Census gets under way, citizens cooperating
On the second day of the two-week National Population and Housing Census, the National Institute of Statistics has commended citizens’ collaboration. “Citizens are so far cooperating. We appreciate their assistance and wish it stays so,” said Prosper Mutijima, the Census coordinator.
He told The Rwanda Focus that he has so far inspected Kigali city, where, on the first day of the census, enumerators finished their job around 8pm. Mutijima was at the time of the interview supervising the census at Rushashi.
“We have so far assessed that one enumerator can do an average of 12 households per day. But this doesn’t exclude that there are those who went beyond that enumerating more than 14 households on the first day,” he observed. However, Mutijima said that in some areas, enumerators have counted only 8 households. “It is understandable, because in such areas our agents have to walk considerable distances due to households living quite separated.”
According to Mutijima, this issue poses as a challenge but appropriate measures have been taken. “Rwanda’s geography is sometimes challenging to our enumerators, especially in some zones mainly in Eastern province, where villages are sometimes much bigger than even sectors in other districts. To make it easier for our enumerators to finish their job, we have provided them with bicycles.”
Cities, on the other hand, have their own challenges, Mutijima said. “People are always busy doing business or in their offices, and return home a bit late. That’s why in Kigali yesterday we closed at around 8 pm. We hope that we’ll be done in our limited period of time.”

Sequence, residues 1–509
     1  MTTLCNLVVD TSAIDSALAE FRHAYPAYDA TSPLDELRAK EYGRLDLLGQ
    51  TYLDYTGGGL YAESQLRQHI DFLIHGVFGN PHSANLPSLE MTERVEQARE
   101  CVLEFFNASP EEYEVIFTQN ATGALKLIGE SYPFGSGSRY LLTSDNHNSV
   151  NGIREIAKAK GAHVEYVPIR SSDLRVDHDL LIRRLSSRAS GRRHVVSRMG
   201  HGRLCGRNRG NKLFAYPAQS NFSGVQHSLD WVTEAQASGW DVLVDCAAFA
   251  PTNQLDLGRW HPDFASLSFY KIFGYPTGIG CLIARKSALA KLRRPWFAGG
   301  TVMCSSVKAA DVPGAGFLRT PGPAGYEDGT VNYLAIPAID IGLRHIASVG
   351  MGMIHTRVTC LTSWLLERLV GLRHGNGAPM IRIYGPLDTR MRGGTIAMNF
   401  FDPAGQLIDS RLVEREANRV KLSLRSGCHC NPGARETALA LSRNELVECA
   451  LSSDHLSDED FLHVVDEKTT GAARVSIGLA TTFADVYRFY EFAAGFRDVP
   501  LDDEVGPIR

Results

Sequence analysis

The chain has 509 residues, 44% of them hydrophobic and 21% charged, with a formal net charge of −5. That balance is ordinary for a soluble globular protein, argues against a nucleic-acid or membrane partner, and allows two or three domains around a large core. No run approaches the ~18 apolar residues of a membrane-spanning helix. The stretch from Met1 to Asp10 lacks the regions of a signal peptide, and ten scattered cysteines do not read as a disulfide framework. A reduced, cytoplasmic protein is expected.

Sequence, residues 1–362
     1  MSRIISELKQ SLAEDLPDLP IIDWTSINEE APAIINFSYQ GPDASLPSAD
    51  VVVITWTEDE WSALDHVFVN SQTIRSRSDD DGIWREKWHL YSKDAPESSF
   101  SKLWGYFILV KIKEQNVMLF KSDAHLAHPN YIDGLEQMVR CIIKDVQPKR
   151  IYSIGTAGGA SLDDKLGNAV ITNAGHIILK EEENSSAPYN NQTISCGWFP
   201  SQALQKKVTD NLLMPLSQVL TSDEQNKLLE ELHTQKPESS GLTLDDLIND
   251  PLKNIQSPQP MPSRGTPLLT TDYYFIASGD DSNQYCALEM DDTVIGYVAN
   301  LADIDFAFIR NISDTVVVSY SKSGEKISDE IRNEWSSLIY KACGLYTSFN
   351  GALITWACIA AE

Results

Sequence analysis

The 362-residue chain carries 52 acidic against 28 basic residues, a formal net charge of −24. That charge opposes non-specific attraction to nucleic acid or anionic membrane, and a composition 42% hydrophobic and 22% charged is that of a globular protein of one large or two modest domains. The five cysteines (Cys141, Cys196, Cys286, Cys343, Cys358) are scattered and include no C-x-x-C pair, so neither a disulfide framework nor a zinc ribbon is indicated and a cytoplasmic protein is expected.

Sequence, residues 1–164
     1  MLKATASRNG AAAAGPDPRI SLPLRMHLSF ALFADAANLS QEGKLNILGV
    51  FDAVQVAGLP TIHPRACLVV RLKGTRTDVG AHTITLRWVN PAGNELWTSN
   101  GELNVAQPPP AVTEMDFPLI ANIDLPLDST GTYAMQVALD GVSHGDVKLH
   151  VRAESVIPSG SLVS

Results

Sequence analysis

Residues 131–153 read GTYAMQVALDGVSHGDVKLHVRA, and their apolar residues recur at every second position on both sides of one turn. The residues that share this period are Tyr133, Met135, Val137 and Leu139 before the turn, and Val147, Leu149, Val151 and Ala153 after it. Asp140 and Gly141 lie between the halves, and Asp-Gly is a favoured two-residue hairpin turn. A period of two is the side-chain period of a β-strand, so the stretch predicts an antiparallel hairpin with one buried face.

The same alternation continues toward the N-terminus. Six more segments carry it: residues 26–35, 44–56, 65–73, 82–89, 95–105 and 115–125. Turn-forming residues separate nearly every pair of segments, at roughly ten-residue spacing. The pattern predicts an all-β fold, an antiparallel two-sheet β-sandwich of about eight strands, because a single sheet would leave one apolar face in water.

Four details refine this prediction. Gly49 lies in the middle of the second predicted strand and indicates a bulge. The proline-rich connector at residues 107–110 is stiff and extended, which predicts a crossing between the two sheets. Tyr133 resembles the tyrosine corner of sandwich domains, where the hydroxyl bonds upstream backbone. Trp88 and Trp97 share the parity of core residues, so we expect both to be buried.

Moreover, the census coordinator urges citizens to honestly answer the census questionnaire, because they should know that the information provided is solely to serve national planning efforts. A total of 2.7 million questionnaires have been prepared for the census.
Wednesday night (15- 16 August) was the census night, meaning that the questions should be replied to referring to that moment.
Rwanda’s geography is sometimes challenging to our enumerators, especially in some zones mainly in Eastern province, where villages are sometimes much bigger than even sectors in other districts.
“We are fully equipped, in logistical and human resource sense. Funds are available,” Mutijima stated, adding that a total number of 24,422 enumerators have been recruited, trained and readied for the exercise.
Preparatory work began two years ago in 2010, with the preparation of the project document, mapping, and budget. The systems have been pre-tested, and the whole country was mapped by opening boundaries of all administrative units and zoning of enumeration area. “We have a total of 16,715 enumeration zones,” said Mutijima.
Preparation activities, execution and publication of the results cost around US$ 27 Million (Frw 16,335,000,000). The data collection will be followed by data processing and analysis, and the final result is to be published within 10 months from the census day (August 16), probably in July 2013.
Due to the fact that the process is quite costly, it takes place once in a decade. In Rwanda, the latest was conducted in 2002, and put the population at 8,128,553. However, recent estimates indicate that the population has surpassed 11 million.